Vehicle affordability is becoming a problem for buyers and dealerships, according to a recent article in the Wall Street Journal.
Dealers report elevated prices and a lack of affordable vehicle models were keeping prospective buyers away before interest rates escalated and used-car prices increased. Now buying a car is out of reach for many consumers, they say.
They say, they are having buyers cancel orders because interest rates went up. As used car prices drop, many auto retailers are also in a race to liquidate their used-car inventories.
Supply chain disruption, is the primary reason for the higher prices and vehicle scarcity. Auto manufacturers have focused their output on their most profitable models, trimming the output of lower-priced vehicles.
Dealers say availability of these lower-priced new vehicles must improve to provide affordable options for all buyers. Auto inventories are improving but remain at about half of pre-pandemic levels. Automakers expect this trend to continue through most of 2023.
“My concern is that if supply doesn’t return, then new cars will be priced out of the reach of middle-class households,” JP Garvey, dealer principal at Garvey Group, which owns several dealerships in upstate New York, told the Wall Street Journal.
A silver lining is appearing as analysts predict prices may ease this year. They also say they expect OEMs to boost consumer incentives as availability improves.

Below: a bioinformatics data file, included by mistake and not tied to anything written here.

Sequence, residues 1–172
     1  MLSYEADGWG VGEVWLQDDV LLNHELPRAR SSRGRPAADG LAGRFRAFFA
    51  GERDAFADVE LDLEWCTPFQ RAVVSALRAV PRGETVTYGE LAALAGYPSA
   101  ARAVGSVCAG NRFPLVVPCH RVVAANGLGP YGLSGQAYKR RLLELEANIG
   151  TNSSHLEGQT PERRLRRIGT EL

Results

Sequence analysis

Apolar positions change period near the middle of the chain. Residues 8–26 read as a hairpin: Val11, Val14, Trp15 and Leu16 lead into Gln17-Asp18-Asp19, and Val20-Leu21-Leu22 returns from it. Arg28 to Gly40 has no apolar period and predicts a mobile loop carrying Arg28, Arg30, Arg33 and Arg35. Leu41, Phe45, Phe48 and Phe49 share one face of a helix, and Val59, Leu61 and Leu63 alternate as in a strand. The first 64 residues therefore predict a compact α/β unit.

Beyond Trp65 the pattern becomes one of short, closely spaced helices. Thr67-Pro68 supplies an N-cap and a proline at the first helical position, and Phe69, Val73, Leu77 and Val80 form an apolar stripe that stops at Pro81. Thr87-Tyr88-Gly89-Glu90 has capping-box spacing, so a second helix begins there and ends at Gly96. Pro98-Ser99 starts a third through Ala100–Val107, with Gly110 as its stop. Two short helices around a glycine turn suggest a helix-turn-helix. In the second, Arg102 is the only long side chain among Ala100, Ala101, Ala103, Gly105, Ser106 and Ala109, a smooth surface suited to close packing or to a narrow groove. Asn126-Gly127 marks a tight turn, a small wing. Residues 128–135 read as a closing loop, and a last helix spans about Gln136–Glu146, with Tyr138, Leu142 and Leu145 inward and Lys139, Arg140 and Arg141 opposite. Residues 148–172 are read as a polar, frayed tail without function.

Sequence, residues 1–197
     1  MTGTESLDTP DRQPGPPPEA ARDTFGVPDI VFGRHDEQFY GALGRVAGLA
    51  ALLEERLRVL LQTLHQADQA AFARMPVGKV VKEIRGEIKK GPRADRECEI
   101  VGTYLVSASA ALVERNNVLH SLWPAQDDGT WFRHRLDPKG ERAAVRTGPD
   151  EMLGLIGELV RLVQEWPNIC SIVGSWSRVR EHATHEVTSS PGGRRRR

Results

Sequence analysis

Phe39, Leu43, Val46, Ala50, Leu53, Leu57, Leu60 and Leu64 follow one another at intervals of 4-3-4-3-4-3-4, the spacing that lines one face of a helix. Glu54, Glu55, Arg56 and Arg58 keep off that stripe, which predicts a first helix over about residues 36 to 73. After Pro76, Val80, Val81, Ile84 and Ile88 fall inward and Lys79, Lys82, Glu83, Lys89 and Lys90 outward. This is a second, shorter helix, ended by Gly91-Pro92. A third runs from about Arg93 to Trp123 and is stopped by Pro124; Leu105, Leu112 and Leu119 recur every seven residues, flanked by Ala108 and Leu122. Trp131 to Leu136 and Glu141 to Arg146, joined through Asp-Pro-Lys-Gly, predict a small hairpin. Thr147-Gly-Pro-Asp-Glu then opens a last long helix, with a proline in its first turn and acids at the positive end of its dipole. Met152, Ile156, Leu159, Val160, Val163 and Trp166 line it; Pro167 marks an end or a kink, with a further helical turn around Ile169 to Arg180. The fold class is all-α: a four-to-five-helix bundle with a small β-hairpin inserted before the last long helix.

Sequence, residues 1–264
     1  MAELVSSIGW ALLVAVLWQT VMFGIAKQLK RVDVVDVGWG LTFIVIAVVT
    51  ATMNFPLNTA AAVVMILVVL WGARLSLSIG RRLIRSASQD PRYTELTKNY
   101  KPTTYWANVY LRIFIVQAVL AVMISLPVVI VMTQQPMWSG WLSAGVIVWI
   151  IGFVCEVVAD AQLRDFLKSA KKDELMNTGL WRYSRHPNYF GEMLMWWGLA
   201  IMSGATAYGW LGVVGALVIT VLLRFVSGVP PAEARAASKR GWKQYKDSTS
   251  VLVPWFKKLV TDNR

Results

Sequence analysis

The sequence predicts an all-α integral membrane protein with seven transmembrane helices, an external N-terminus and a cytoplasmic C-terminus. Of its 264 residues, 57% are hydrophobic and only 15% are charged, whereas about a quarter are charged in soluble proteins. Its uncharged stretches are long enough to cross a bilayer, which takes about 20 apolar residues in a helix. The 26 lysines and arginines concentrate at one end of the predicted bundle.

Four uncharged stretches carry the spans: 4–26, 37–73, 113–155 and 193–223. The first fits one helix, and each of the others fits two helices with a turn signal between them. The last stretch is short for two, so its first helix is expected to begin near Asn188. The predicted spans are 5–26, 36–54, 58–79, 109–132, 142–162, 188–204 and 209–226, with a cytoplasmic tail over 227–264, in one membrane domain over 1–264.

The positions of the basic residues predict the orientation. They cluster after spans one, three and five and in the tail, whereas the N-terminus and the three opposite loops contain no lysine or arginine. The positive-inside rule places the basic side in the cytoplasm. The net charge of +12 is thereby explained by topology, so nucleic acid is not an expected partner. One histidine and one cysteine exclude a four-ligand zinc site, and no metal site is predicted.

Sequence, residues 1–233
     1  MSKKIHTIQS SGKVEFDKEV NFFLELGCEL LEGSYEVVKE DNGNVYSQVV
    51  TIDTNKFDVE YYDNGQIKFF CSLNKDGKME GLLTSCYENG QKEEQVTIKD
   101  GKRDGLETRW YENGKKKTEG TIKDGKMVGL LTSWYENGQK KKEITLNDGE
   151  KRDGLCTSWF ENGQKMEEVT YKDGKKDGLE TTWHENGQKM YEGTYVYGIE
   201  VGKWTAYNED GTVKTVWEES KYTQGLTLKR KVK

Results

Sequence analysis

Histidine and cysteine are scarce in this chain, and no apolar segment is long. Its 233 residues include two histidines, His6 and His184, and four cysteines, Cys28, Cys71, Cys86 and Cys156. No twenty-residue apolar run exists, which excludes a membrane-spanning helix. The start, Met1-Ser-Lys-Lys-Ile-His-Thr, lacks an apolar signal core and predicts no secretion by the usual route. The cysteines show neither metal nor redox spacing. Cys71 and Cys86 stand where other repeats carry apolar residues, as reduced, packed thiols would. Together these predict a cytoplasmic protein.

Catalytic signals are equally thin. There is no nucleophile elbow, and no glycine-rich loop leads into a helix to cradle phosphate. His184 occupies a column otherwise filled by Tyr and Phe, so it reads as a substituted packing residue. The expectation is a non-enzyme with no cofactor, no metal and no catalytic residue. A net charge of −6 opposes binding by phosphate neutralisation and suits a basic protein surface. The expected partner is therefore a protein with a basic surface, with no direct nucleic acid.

The average price paid for a new vehicle hit a record $47,362 in December, reported J.D. Power.
Car companies have decreased their incentives to entice consumers to buy. Auto makers spent an average of $1,441 on financial incentives for their vehicles in January, an 8% increase month-on-month. This figure is far below pre-pandemic levels, according to data from Wards Intelligence.
U.S. auto sales plummeted to their lowest level in decades—to 13.7 million vehicles—in 2022 because of supply chain disruptions. Automakers predict sales volume will rise to around 15 in 2023, which is still below pre-pandemic levels of 17 million.
Some retailers warn that consumer demand may fall in 2023. The National Automobile Dealers Association forecast U.S. vehicle sales of 14.6 million, citing rising monthly payments amid higher interest rates will trim sales.
Dealers who gathered at the dealers association’s national conference at the end of January reported a fall in demand as consumers try to get into a comfortable monthly payment. Sometimes, interest rates have gone up between the time customers order their cars and when they are delivered, dealers and auto executives said.
“If a customer puts in an order in October and it arrives in January, the interest rate that would have been 3.5% is now 7%,” David Christ, who oversees North American sales and marketing at Toyota Motor Corp. told the Wall Street Journal.
“Affordability is a problem,” he concluded.
The Wall Street Journal also reported that some dealers who stocked up on pricier models in 2022 are now trying to sell them quickly to avoid a loss.
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